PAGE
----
As two of the longest-running, most influential forces in the Marvel galaxy, the Kree & Skrull empires would be a great way to up the ante for Marvel's space based heroes like the Guardians and Captain Marvel. They are the political & military superpowers of Earth's space neighborhood; the author of the original Avengers arc, Ray Thomas, said that he envisioned "two galaxy-spanning races ... would be at war in the far reaches of space, and that their conflict would threaten to spill over onto the Earth, turning our planet into the cosmic equivalent of some Pacific island during World War II."

"Buck Rogers called, he said you stole his look"
"Buck Rogers called, he said you stole his look"

The Kree are an imperialistic, territorial race of warriors who worship a giant computer made of all the brains of the Kree who have died. I know, right? After millennia of low-tech feudalism, their home planet of Hala was discovered by the Skrulls, who gifted them with technology and spaceflight. Within a few decades, the Kree developed space-faring capabilities to rival those of their benefactors, and their expansionist outlook sparked a war between the two races that has lasted for thousands of years. Remember Ronan, the angry blue hammer-dude from Guardians who had a ship like a grilled Twizzler? That guy was a Kree. More importantly, Kree technology plays a major role in Carol Danvers' transformation into Captain Marvel, and the blue guys were even responsible for creating the Inhumans- who have their own movie set for 2019 and are being heavily foreshadowed on the Agents of SHIELD series.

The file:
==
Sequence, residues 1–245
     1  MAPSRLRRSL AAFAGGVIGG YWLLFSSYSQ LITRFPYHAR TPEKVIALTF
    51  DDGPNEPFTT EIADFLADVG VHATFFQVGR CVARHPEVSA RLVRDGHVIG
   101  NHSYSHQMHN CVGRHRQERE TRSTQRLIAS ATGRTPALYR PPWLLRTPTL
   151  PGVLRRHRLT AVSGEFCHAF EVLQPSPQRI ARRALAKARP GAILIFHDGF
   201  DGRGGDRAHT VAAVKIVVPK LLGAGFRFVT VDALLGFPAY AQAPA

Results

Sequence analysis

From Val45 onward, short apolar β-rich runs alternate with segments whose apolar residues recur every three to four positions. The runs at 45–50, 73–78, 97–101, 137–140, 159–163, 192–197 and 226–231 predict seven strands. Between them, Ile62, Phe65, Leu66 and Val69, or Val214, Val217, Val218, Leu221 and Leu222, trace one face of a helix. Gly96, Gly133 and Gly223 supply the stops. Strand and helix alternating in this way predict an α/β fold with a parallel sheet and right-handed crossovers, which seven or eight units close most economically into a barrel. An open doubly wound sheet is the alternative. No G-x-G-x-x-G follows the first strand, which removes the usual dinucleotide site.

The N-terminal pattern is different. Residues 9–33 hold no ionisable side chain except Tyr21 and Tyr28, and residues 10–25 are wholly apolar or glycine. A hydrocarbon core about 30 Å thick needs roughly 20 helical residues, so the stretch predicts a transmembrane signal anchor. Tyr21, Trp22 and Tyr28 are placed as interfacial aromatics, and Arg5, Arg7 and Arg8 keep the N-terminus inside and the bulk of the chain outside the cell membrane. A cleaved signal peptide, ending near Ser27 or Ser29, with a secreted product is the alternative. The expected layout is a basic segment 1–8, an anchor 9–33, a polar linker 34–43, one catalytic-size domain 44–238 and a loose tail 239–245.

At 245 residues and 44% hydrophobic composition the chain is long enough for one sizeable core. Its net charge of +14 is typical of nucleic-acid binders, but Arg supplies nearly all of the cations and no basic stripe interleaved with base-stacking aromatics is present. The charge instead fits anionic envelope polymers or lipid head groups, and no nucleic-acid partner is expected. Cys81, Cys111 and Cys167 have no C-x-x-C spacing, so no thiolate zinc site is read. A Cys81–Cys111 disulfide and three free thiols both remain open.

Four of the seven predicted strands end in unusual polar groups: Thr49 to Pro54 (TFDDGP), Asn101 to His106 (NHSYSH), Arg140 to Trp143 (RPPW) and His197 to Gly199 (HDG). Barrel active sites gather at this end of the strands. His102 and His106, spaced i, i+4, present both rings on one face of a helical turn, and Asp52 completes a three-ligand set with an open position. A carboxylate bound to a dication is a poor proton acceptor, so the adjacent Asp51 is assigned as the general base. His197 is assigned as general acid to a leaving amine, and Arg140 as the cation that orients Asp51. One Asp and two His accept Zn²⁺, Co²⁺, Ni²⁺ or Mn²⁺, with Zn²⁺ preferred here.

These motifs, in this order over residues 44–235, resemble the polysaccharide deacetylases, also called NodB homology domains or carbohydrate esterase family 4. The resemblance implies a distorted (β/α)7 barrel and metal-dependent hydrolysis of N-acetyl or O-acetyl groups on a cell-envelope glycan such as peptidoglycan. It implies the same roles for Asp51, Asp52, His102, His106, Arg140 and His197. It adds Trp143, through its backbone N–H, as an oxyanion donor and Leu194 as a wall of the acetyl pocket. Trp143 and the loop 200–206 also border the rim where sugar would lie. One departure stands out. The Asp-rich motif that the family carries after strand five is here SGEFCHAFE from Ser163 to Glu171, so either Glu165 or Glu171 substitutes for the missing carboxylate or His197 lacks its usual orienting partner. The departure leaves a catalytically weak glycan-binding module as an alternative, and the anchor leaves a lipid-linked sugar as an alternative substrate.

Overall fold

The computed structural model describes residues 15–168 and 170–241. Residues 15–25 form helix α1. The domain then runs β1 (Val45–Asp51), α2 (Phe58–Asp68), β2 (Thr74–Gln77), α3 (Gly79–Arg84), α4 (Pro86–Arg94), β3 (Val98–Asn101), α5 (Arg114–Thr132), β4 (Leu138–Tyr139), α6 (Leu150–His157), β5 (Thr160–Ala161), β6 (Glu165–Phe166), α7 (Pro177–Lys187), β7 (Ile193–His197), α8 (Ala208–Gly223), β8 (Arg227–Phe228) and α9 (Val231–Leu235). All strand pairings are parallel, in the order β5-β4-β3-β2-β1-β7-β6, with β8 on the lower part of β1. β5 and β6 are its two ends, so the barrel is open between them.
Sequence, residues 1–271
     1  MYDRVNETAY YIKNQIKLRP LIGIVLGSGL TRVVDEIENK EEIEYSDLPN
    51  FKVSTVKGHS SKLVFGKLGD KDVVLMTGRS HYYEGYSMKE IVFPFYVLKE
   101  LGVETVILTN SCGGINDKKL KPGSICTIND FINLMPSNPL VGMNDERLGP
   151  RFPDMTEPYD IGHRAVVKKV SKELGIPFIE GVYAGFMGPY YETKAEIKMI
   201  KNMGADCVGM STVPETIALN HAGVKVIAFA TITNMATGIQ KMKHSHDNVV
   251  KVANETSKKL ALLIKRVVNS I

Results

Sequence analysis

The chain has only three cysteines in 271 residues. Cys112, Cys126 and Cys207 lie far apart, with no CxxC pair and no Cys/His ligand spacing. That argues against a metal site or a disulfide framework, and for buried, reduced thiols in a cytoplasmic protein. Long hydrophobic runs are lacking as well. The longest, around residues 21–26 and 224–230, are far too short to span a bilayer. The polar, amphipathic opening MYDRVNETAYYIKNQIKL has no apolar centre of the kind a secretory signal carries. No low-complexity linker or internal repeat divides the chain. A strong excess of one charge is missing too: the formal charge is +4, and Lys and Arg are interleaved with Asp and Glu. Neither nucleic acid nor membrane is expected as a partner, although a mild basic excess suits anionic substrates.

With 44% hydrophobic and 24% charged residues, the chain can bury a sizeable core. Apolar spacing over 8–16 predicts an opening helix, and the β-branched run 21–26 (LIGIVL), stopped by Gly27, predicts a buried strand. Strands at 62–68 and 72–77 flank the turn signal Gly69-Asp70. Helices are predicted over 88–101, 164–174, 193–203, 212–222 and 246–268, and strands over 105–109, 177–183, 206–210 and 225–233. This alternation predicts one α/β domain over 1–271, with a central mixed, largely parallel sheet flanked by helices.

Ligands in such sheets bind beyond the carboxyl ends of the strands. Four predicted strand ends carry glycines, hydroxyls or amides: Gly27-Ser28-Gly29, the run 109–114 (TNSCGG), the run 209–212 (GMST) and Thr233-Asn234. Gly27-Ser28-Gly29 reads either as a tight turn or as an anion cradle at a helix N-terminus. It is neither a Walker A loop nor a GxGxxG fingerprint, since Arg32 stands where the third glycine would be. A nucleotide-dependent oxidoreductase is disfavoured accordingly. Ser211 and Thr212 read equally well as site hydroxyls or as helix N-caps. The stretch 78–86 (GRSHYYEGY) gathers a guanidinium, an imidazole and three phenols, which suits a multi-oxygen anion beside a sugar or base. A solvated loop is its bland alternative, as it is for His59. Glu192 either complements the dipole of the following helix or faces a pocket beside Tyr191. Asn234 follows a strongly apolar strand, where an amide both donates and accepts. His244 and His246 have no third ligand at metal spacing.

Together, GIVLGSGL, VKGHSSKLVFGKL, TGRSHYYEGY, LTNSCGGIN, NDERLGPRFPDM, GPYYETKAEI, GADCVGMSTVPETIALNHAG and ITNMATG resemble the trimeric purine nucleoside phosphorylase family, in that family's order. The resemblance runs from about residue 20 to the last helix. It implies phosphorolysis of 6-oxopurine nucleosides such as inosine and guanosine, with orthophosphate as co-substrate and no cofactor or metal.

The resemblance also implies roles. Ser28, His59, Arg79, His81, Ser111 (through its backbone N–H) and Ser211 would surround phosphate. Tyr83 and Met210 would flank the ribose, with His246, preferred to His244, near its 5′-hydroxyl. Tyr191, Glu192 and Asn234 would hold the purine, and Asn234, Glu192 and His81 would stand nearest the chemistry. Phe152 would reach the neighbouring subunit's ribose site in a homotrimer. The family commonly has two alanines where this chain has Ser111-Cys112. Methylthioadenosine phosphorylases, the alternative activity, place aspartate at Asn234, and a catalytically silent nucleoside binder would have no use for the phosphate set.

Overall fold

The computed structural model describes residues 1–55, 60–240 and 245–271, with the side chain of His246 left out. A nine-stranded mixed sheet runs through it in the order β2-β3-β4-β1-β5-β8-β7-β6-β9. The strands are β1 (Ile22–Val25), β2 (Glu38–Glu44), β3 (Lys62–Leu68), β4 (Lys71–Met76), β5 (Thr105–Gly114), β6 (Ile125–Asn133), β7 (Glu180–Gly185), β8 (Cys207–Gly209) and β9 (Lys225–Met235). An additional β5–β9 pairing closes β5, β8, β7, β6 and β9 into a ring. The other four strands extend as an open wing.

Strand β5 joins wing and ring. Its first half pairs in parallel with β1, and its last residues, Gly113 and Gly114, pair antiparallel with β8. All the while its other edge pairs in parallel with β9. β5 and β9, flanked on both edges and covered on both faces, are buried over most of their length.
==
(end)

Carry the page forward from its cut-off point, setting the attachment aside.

Originality isn't their strong suit.
Originality isn't their strong suit.

Fusing Body-snatchers paranoia with space opera and "no-way-dude" power match-ups, The Skrulls (known for their green skin, shape-shifting powers and Brolin-level chin game) started out as puny little lizard people- that is, until the Celestials got involved (more on them later). Having been empowered by the titans of creation, the Skrulls left for the stars, where they built an empire by disguising themselves as other races and subverting their governments from within (sound familiar?) Recently they were featured in the Secret Invasion story line, wherein they infiltrated the Earth's population, neutralized everybody's powers with drugs and then tried to take over. The 50's B-movie practically writes itself, but because they can copy the memories and even the superpowers of those they turn into, a Skrull arc in the MCU would bring strong levels of distrust, espionage, and crazy lizard dudes with ridiculous powersets. Imagine an alien who's made out of rock, and is super stretchy, and is invisible, AND catches on fire. And has a Thanos chin.